We believe Magna’s efforts to exercise optionality will prove to be meaningful in the near future.
These vertical markets provide tons of growth opportunities for Magna to expand and gain customers in the future.
Not only that, but Magna also tends to create products that are increasingly gaining functionality and compatibility with any car frame or model.
This gives it a unique edge over competitors – as parts are getting more complicated, Magna is finding ways to make them simple, and at a low cost.
Magna is a fair bit concentrated in some markets, and we are not talking about sales. Almost half of Magna’s plants are in North America, and its Canadian plants can only be found in the province of Ontario.
Ontario’s economic outlook looks dire to some, who cite a high cost of living, skills shortages, and high input costs. Ontario has some of the highest industrial electricity rates in all of North America, making the region particularly expensive to operate in and make a healthy profit.
Similarly, Magna’s customers in Ontario face the same risks. GM, Honda, and Ford are among some of the major global OEMs that manufacture vehicles in Ontario.
Rising costs to these manufacturers hurts demand for Magna’s products and could force them to eventually move their operations away from Ontario.
In the latter scenario, there would be uncertainties around which auto part manufacturer would serve them best in the new locations they settle in.
Slow Market Growth
Light vehicle sales have experienced very little growth over the last two decades. Meanwhile, Magna is spending tons of money on expanding capacity and streamlining operations.
There is a risk that these investments improve Magna’s margin profile, growth capacity, and market position, but ultimately do not help Magna as slow sales offset these efforts.
We also see a risk that growth in EV sales is simply offset by a drop-off in fuel-powered vehicles over the long run.
While EVs present a solid growth opportunity, EV sales could closely track the low-growth sales numbers similar to light vehicles today when it becomes a mature market.
As a heavy goods manufacturer, Magna is at the mercy of the global economy and geopolitical risks. In any recession, car sales drop and demand for car parts and systems closely follow.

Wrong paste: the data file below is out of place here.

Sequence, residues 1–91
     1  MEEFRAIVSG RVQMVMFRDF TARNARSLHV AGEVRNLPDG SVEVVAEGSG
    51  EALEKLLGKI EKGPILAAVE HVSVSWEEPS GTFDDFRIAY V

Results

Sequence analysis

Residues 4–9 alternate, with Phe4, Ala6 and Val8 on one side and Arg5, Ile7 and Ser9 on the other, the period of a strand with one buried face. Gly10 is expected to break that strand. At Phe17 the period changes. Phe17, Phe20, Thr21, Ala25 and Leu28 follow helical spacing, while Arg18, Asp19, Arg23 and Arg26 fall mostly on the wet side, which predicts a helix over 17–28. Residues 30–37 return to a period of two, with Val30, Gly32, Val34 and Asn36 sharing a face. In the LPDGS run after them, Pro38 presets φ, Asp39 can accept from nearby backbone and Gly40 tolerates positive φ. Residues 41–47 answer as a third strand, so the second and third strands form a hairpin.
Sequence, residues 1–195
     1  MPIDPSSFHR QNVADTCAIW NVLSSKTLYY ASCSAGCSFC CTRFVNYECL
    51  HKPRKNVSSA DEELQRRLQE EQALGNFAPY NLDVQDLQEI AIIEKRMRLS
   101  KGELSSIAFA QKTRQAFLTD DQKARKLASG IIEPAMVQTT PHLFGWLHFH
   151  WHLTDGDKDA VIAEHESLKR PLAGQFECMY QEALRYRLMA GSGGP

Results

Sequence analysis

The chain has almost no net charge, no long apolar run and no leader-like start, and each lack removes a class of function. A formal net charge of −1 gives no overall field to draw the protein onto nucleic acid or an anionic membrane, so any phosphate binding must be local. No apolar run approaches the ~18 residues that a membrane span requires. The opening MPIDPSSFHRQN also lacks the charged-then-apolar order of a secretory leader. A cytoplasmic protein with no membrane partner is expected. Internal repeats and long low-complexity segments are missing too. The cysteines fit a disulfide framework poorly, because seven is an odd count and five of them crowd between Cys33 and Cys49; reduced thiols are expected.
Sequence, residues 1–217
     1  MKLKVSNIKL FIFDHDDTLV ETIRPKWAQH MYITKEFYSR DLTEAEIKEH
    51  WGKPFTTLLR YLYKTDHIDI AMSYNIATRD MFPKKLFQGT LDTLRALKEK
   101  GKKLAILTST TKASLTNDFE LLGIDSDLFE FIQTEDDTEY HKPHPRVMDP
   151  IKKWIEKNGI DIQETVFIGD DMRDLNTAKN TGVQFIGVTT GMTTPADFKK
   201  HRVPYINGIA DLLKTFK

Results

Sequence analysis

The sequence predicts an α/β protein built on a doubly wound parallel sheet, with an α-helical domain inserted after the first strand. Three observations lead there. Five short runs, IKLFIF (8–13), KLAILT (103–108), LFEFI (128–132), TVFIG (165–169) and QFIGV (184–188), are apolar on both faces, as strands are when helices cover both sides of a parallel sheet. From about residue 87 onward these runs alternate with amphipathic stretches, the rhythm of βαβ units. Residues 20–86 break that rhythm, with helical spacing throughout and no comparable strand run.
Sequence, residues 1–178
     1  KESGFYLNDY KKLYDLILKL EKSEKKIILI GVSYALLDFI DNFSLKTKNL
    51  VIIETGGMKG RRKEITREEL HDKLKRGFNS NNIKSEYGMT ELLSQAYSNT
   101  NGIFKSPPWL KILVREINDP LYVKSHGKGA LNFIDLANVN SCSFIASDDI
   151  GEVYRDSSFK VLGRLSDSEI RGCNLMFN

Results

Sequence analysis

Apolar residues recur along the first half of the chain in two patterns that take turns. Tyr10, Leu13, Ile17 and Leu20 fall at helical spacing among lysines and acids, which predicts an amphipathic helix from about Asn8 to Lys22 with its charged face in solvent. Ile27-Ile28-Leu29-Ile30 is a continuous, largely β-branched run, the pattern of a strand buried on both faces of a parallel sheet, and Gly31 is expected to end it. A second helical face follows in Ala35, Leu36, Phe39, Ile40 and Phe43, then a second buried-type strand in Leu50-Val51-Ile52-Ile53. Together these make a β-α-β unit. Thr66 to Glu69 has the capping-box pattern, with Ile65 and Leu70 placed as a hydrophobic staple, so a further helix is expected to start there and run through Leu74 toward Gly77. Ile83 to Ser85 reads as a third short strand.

Magna could experience whipsawing in its revenue and growth profiles if North America, Europe, or both experience recessions and general economic slowdowns.
Nascent EV Industry
Magna is making promising moves in the EV space, partnering with legitimate businesses to create great products.
However, the EV industry is still at a nascent stage in its growth story. With this comes loads of uncertainty.
Magna’s relationships with these EV OEMs may not be the same as its traditional customers.
Also, technologies could quickly evolve and may expand at a pace that Magna cannot keep up with. A high-growth megatrend does not guarantee success for every player within it.
Magna must execute, but it also depends on EVs actually selling to end users based on expectations set out by the market.
Magna is a top auto parts supplier contracted by every major OEM in the world to some capacity. In a highly competitive, low-margin business like this, Magna has an impressive competitive position that allows it to stand out, create new and exciting products and systems for its customers, and win contracts.
Magna’s successes can be traced to the corporate culture. They have an innate focus on quality and innovation, as well as tackling the newest challenges like autonomous driving and EVs.
This drive translates into success with the foundational competitive advantages the company has built out. Economies of scale, a global reputation, and massive scale allow Magna to be the number three — and potentially the soon-to-be number one — car parts manufacturer in the world.